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Follow Tim Rippel


MT. ACONCAGUA EXPEDITION- 6962m with Peak Freaks 

EVEREST ALTITUDE TRAINING- Aconcagua. This past year successful Everest summits by various climbers including two Peak Freak members, made a trip to Aconcagua pre-Everest. This is a non-technical peak offering excellent altitude prior to an Everest bid.  Acclimatization can stay with you up to three weeks or more making this trip an excellent pre-Everest preparation climb.

  • DATE
  •  Jan. 30 to Feb. 18, 2010 FULL  Jan. 30 to Feb. 18, 2011- Open
  •   Jan. 3 to Jan. 22, 2010 - Summit Success on Jan. 16- at 2:30pm.   Jan. 3 to Jan. 22, 2011- Open
  • COST:  $3780.00US (based on a minimum of 4 participants maximum 8)
  • LOCATION:  Aconcagua is located in Northern Argentina, in the Province of Mendoza, where the summit is just 12 kilometers from the Chilean border
  • ROUTE: EXPEDITION FOR January 3, 2010 and JANUARY 30, 2010 - False Polish Glacier.   2011'- 2 trips same dates.
  • Blog- January 30, 2010' trip


The local Aymara Indians, named the mountain Kon Kawa, or snowy Mountain. The Chilean Indians, the Araucanos, named the river on the western side of the Andean range Aconca-Hue, or ït comes for the other side." As the Inca empire influence reached the central Andes, they called the mountain Ancocahua, where the Quechau the root anco means white and cahuac means sentinel. There is considerable evidence that the Incas climbed very high on the mountain. In 1947, a skelton of guanaco, a wild relative of the llama, was found along the ridge between the North and South summit. Archaeologists doubt that this animal would have made it to this elevation o nits own! The most significant find occurred in 1985 where a mummy, preserved by cold dry air, was found at 5200m (17,060 ft) along the southwest ridge of Cerro Pyramidal, a sub peak of Aconcagua. It is thought that there are other undiscovered archaeological sites on Aconcagua that found, deserve to be left untouched and accurately reported to the authorities for investigation. In 1883, the German Paul Gussfeldt was the first European to attempt the might mountain in "full Scottish conditions, " with poor equipment, and very little information Gussfeldt didn't make the summit summit, but he made it to the 6500m mark. Their expedition was notable because they opened the route for future expeditions. On January, 14th 1897, the Swiss Mathias Zurbriggen was the first to reach the summit solo!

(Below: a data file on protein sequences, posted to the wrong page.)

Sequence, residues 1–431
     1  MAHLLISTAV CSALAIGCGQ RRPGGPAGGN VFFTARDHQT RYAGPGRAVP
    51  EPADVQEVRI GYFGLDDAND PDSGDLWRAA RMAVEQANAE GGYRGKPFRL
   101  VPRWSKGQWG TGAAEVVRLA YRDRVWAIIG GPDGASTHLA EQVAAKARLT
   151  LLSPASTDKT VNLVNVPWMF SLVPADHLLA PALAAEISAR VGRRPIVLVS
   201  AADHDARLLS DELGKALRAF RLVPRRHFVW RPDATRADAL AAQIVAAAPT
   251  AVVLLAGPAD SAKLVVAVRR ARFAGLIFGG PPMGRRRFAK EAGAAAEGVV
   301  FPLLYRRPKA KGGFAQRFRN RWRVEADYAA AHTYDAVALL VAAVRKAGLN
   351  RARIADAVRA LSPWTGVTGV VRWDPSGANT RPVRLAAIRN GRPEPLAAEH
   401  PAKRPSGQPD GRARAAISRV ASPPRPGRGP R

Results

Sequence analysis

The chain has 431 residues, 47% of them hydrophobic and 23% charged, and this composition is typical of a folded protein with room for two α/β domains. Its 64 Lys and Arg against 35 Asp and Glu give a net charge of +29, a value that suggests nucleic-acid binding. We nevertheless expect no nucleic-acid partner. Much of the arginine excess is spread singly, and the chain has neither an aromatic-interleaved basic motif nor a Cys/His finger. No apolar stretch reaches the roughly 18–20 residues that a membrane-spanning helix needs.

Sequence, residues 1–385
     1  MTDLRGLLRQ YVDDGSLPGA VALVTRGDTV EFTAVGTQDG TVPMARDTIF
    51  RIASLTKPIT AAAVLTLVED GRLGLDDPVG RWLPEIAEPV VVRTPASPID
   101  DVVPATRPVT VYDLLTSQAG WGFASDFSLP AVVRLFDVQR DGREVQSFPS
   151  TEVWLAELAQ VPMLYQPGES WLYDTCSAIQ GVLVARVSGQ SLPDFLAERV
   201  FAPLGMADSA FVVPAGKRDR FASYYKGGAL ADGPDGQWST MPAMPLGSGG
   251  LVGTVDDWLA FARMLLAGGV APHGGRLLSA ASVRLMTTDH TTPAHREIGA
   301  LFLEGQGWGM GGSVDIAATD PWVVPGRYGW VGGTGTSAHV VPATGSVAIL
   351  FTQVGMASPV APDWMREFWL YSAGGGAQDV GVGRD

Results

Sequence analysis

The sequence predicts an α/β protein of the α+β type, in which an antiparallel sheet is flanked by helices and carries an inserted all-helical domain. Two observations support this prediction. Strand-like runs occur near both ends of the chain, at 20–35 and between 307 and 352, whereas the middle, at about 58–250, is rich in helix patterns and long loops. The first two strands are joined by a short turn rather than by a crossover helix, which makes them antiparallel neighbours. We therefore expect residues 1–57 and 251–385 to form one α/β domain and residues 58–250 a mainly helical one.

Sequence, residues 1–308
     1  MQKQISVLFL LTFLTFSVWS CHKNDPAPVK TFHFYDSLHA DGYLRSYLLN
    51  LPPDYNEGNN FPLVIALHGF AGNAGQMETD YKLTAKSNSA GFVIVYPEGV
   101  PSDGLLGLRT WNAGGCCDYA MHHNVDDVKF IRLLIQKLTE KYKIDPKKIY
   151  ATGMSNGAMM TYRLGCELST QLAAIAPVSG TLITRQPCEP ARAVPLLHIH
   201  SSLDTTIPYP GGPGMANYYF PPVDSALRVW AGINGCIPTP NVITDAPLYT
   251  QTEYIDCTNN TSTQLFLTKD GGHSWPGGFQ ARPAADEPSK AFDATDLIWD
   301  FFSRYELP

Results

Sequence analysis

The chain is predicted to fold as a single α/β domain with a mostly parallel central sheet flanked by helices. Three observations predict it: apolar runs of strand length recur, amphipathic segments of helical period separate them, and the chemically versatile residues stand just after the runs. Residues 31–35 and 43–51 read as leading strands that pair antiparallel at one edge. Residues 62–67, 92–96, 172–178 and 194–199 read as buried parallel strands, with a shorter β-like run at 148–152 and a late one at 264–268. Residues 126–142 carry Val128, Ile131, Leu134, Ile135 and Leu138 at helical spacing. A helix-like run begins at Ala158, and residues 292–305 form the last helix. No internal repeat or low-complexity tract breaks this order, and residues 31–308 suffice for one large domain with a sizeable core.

Available   (Jan. 3) Sold out (Jan. 30)


Jan 03 Jan 30 Arrive Mendoza- transfer to our hotel. This is a lovely little city and wine capital of Argentina.